A young Australia-based graphic artist, after eight years of being in an uninspiring job, wakes up one day, grabs his pencils and draws cartoons, making everyone fall in love with his colourful portrayals. Zen Pencils is a website where inspirational quotes and passages from famous people are adapted into unique comic strips. Gavin Aung Than came up with the idea of starting this website while browsing through the lives of the successful. Widely popular, the strips are featured in The Washington Post, The Huffington Post, Slate, Upworthy, Buzzfeed, Gawker, Brain Pickings, News.com.au, The Design Files and more.
Over an e-mail interview, Gavin Aung Than warmly shares his love for cartooning: animated style of cartooning, combined with insight, tickles you. The words of Rabindranath Tagore, Theodore Roosevelt, Steve Jobs and the Dalai Lama come to life when he adds a whimsical spin to it.
Than’s skillful cartooning pulls you into the story and provokes you to think, and many a time take action. The subjects, which are as varied as kindness, self-worth, abuse, or the pursuit of dreams, are treated with a sense of lightness without being preachy. In an email interview Than says, “Creating comics has always been a favourite pastime. Using a combination of pictures and words to create a story is something that I just love doing. People love inspirational quotes and some have been collecting quotes their whole lives. I just think they’ve never been presented in this way before — where they’re turned into fun, visual stories. Also, the themes of the comics are universal and social media helps the comics reach out on a global level.”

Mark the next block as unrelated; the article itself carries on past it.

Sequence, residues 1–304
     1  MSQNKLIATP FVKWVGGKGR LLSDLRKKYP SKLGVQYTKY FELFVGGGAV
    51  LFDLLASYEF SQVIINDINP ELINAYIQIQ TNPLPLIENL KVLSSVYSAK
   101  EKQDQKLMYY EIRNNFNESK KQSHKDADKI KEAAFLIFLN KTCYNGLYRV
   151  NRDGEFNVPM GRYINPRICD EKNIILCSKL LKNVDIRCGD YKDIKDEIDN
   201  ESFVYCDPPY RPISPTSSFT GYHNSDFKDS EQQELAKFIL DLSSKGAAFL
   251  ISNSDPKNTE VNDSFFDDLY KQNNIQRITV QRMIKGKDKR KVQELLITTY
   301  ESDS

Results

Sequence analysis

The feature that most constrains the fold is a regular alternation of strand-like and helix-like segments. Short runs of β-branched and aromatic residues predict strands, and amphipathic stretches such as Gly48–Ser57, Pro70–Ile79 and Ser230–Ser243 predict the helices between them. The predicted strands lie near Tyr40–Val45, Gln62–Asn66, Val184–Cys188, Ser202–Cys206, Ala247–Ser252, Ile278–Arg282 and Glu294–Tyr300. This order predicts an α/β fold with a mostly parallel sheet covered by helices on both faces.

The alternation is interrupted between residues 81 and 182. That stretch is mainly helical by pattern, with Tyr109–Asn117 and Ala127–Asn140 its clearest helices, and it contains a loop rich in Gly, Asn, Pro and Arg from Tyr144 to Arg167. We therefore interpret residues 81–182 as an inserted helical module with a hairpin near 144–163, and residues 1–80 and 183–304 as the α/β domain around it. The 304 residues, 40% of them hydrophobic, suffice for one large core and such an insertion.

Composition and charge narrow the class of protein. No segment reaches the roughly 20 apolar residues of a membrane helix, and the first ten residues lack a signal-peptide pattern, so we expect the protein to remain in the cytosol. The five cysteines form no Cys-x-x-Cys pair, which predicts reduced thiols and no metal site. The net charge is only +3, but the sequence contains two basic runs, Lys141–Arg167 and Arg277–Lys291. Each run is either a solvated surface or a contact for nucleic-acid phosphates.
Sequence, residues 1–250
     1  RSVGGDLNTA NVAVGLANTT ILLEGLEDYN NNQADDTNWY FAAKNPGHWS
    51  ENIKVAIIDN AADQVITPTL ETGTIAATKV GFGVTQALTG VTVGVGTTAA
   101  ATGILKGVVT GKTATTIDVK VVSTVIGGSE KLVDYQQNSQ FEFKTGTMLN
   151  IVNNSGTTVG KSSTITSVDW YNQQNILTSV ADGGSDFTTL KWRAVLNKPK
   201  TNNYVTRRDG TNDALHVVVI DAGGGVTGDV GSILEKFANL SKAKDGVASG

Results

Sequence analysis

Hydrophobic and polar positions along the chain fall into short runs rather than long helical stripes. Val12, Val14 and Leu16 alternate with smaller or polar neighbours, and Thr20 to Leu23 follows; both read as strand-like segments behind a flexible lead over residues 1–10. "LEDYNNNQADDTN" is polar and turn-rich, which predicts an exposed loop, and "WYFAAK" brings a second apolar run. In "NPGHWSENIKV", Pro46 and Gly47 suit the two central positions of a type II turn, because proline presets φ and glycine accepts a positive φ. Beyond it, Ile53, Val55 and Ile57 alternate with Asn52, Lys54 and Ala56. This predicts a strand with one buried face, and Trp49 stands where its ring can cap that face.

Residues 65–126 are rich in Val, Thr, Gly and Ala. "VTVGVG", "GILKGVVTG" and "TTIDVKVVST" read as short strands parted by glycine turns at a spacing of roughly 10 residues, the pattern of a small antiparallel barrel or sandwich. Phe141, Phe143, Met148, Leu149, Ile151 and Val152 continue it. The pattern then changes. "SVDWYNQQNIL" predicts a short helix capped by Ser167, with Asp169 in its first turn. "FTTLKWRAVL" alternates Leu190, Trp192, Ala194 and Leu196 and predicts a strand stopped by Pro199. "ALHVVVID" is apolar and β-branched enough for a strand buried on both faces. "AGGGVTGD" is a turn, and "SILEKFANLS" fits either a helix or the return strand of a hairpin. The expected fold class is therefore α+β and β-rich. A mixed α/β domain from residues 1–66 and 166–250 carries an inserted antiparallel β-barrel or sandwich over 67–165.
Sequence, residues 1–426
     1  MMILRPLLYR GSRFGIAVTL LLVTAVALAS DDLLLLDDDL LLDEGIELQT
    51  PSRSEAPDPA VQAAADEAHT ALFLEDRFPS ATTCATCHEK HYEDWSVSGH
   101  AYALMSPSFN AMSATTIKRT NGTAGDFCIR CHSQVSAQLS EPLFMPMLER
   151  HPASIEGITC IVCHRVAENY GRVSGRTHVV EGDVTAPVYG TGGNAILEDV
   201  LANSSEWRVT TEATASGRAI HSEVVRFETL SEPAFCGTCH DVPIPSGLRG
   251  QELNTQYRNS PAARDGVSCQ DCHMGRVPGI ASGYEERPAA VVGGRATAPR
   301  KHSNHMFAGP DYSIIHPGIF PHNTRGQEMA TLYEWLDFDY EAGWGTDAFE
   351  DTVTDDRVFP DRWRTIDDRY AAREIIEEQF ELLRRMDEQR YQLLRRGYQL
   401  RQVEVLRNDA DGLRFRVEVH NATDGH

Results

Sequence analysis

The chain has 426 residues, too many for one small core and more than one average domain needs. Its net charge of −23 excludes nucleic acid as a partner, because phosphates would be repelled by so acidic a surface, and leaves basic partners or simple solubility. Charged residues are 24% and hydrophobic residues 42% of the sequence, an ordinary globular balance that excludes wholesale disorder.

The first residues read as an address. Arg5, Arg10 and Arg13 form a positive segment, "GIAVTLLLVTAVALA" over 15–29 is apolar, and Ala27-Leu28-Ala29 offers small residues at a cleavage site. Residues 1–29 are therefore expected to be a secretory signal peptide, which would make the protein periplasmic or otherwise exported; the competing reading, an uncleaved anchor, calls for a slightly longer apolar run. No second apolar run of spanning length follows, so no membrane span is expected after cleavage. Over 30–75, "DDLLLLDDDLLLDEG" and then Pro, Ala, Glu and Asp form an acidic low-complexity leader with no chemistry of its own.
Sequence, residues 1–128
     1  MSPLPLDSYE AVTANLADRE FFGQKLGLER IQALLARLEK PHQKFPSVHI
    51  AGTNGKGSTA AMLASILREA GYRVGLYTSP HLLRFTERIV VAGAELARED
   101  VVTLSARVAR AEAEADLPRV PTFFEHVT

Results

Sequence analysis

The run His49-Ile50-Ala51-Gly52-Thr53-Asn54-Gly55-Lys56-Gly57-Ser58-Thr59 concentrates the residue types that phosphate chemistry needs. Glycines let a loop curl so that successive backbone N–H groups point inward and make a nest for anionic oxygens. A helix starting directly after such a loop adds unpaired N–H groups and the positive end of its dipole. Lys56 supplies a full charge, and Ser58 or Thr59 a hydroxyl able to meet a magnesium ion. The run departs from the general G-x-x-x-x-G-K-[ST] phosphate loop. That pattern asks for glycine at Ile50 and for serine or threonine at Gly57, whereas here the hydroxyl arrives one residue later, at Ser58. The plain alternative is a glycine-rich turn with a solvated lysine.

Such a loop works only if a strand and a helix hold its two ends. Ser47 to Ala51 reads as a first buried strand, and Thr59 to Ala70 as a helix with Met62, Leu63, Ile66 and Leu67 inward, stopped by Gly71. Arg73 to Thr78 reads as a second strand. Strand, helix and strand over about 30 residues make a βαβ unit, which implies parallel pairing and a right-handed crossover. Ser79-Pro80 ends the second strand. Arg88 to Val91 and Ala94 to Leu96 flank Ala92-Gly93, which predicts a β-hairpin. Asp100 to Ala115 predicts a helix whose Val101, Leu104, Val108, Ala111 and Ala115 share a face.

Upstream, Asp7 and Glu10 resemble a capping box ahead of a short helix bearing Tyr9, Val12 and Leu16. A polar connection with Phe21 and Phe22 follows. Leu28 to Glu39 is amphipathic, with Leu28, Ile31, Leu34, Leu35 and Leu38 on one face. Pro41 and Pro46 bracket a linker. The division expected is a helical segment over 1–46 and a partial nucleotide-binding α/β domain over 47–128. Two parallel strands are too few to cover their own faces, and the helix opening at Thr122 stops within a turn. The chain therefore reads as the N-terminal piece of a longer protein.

Chris Hadfield, the Canadian astronaut who captivated everyone by chronicling his life in space via social media, was impressed by Than, and tweeted saying how he enjoyed his quote being adapted into a Zen Pencil comic. Flattered by his response, Than said in an interview, “The thought of Chris reading my comic in space is so surreal and thrilling.”
In the web kingdom, the Zen Pencil following is growing, with currently 90,000 followers on Facebook. “I expected some good feedback and maybe a small following, but the huge response and the international popularity of Zen Pencils have been a total surprise. There have been so many unforgettable emails — people who suffer from depression or have lost their job or a loved one, students who are confused on what to do after school, school teachers who use the comics in the classroom — have all contacted me and that never fails to put a smile on my face.”
Cartooning isn’t all party. “If I had the power to stop time, it would help with the deadlines! Maintaining a regular schedule is the hardest part. I try to update the site on a weekly basis, but I seem to think of more and more elaborate stories, that I’m often burning the midnight oil to finish them on time. The memories I used to have in my old office job, dreaming of a career where I could draw comics all day long, is what keeps me going. Now that I’m doing that, I try not to take it for granted.”
The added meaning to his life with Zen Pencils is immeasurable. “Comics are powerful as an art form to influence people — they’re not just lowbrow entertainment for children. With Zen Pencils, I’m using my talent and craft to not only do work that is very satisfying personally, but is also bringing happiness to people and helping them in ways I didn’t think comics were capable of. Now that I’m making these comics, I know it’s what I should have been doing all along. Just having that knowledge is worth some hardship and sacrifice.”